Dealing's back in style in health care's 2014.

From major drugmakers looking to sell off slow-growth assets to big pharma's top names hunting for blockbuster acquisitions, the year's been home to no shortage of activity on the mergers and acquisitions front. American drug giant Merck's (NYSE:MRK) been the latest to get in on this trend in 2014, selling off its consumer care business for more than $14 billion. Merck's also considering a sale of mature drugs that could be worth more than $15 billion -- part of a wave of companies, including diversified health-care titan Abbott Labs (NYSE:ABT), considering selling off older or generic drugs in order to concentrate on high-growth segments.

But is Abbott Labs the company to watch as the flurry of health-care deals intensifies? Sources cited by Reuters indicate that Abbott's weighing the benefits of selling its growth-starved generics business in what could be the next big move in this hyperactive sector. But would such a deal be the best decision for investors?

Should Abbott sell off generics?
Generic drugs aren't known as major growth drivers, but sales from Abbott's generics haven't kept up with investor expectations as of late. In the first quarter, the company's established pharmaceuticals division saw sales fall of nearly 1%, trailing overall company revenue growth. That's not all: As Abbott only operates its generic drug business outside of the U.S., the recent strength of the dollar has taken a withering toll on this niche. When accounting for currency differences, Abbott's generics business saw sales decline 6.6% for the quarter. That came after last year's 3% revenue decline in the business, a fall that upset investors, as Reuters notes.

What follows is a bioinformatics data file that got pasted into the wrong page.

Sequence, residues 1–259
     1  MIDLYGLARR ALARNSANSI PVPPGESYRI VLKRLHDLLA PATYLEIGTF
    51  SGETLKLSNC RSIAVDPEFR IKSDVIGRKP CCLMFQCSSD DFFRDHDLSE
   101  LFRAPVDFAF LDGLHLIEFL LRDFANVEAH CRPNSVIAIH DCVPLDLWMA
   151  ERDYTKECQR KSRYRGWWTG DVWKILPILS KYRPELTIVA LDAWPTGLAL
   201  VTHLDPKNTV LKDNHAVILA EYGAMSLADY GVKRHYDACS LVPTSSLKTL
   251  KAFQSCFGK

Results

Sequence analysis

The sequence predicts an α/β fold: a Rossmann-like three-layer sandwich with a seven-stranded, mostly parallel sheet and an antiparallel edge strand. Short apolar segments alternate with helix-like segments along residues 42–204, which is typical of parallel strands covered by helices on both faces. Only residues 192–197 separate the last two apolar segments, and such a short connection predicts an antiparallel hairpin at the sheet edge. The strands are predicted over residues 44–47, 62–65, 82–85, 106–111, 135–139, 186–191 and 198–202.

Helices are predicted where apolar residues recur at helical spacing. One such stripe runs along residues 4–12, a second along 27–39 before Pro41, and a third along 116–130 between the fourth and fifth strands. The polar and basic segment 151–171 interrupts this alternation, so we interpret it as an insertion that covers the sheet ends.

Abbott Labs's Illinois-based global headquarters. Source: Abbott Labs media library.

Granted, this business isn't the only one that struggled at Abbott in the first quarter. The company's leading niche by revenue, nutritionals, saw a 1.7% decline in year-over-year sales. However, much of that came from lingering after-effects of a nutritionals supplier recall. In the long run, nutritionals sales should harness the power of emerging markets to provide a growth engine for Abbott's future. Along with the company's surging diagnostics division, nutritionals make up a substantial portion of this company's best hopes for the long run.

The generics business does make up more than 20% of Abbott's overall revenue, but it's slowing down its potential -- and hopeful that its next-generation products such as the Absorb stent will reignite growth in its medical device division, Abbott's generics business is the lone long-term laggard in its portfolio. While Abbott's CEO has expressed optimism in the business' cash generation, the company's reportedly counseled with Morgan Stanley in searching for a sale of a business that earn Abbott more than $5 billion, according to some analysts.

That's a nice trade-off for getting rid of a portfolio that is a drag on revenue growth, but if the company is serious about a sale, would any big names be interested in buying?

Who makes the best bet?